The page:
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LOS ANGELES (Reuters) - In the verdant rain forests of Hawaii, Jack Black, Dwayne "The Rock" Johnson, Kevin Hart and Karen Gillan simulated dodging rampaging rhinos and hungry hippos as they filmed the long-anticipated sequel to the Robin Williams 1995 adventure film "Jumanji."
The first trailer for "Jumanji: Welcome to the Jungle," released on Thursday, shows how four high school teenagers are transported into a Jumanji video game as adult avatars and find themselves pursued by jungle creatures and motorcycle assailants, jumping into waterfalls and encountering perilous caves.
The first "Jumanji" told the story of a boy trapped in the magical board game for 26 years. He is released as a grown man (Williams) when two children discover the game.
As they start playing again, stampeding elephants and wild creatures escape from the Jumanji jungle into the real world, causing havoc in a small town.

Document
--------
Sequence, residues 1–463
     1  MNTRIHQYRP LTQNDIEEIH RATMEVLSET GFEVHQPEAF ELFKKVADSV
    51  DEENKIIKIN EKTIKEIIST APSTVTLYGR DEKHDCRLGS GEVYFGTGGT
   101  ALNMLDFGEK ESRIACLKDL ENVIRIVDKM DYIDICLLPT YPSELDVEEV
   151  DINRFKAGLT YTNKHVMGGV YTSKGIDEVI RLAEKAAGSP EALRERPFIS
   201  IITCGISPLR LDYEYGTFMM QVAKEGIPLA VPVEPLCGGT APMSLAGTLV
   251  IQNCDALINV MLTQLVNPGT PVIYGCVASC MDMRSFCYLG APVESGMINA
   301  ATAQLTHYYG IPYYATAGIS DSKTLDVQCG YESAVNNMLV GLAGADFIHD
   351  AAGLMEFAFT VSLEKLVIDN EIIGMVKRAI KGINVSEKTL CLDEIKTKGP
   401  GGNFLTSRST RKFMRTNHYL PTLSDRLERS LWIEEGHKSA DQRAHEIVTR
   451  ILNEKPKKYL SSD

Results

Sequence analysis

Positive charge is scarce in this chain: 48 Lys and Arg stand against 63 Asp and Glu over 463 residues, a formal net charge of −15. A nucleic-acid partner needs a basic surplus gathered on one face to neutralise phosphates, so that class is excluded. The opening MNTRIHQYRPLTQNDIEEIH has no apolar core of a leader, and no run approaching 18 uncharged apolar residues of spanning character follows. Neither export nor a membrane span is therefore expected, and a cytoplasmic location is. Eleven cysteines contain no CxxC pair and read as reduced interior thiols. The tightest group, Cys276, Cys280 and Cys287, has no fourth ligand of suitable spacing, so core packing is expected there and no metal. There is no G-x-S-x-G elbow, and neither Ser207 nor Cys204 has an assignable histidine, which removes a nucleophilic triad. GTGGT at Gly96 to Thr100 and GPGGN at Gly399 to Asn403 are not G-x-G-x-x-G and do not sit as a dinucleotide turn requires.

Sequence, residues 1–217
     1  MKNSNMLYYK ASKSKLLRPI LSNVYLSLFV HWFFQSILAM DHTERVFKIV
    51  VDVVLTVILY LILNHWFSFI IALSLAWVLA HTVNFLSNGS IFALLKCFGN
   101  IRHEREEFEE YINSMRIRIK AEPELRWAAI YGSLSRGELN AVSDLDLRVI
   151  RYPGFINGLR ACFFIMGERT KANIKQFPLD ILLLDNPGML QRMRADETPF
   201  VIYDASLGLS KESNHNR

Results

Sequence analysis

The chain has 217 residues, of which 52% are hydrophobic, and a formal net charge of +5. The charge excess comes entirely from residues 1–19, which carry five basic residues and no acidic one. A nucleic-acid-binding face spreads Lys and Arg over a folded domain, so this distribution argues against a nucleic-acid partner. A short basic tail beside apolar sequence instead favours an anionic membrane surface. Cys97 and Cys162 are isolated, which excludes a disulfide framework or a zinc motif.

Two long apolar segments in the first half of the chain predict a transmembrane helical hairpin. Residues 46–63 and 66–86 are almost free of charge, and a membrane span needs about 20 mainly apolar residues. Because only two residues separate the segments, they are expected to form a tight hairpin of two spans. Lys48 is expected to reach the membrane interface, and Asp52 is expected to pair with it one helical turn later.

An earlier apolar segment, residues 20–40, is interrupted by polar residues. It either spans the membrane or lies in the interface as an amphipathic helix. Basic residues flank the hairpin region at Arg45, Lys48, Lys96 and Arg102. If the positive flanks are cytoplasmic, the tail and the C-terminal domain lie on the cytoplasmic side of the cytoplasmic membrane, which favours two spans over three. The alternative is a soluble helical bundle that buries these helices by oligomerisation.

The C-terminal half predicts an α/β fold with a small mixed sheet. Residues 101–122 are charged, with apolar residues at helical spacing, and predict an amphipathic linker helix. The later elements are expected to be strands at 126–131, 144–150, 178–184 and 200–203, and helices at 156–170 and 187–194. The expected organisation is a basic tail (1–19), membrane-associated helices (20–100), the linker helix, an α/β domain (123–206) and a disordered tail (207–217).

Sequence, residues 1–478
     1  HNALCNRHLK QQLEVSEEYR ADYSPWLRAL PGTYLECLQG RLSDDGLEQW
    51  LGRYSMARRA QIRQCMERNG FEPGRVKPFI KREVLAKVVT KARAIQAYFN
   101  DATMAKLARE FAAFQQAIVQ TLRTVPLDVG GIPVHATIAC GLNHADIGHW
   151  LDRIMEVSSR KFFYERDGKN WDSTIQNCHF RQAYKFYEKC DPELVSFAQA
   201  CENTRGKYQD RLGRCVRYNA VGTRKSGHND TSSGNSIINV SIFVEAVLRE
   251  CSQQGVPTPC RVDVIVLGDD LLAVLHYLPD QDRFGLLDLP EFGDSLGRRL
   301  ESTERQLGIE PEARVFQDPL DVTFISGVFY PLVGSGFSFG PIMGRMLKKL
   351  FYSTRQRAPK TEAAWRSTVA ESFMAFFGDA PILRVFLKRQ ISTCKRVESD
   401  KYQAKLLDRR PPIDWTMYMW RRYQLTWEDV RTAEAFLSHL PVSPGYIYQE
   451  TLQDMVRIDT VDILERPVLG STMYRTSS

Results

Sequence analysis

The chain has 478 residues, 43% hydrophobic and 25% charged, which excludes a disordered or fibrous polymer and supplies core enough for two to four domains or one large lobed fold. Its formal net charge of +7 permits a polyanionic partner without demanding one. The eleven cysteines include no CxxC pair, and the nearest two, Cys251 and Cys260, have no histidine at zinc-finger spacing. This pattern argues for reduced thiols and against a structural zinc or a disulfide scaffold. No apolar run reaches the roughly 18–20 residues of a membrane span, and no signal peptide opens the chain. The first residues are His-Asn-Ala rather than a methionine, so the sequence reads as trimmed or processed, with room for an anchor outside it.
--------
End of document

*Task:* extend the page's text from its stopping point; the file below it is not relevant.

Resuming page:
In the sequel, due out in theaters on Dec. 20, viewers are meant to get a sense of being pulled back into alternative world of the board game jungle.
"This has the original energy and magic of the classic that everyone saw 20 years ago but this time, I like to tell people it's in the game," Black told Reuters Television in interviews from the Hawaii set of the film.
"I'd say that our movie is on a grander scale because it's a whole universe of Jumanji," he added.
To kick the sequel off, four high school teenagers forced to clean out their school's basement while in detention come across an old Jumanji video game. They soon wind up being transported into the game, as the adult video game avatars that they pick.
A nerdy teen becomes the muscle-bound Johnson, a blonde cheerleader transforms into the bespectacled Black, an introverted girl becomes a skimpily-clad Gillan, while a buff football player transforms into the diminutive Hart.
Johnson said the sequel pays homage to Williams, who committed suicide in 2014.
"In terms of Robin and our story, it's done with so much love and respect that I think we're putting ourselves in a really good position, and I think fans will love it," he said.
Reporting by Rollo Ross, writing by Mark Hanrahan, editing by Piya Sinha-Roy and Tom Brown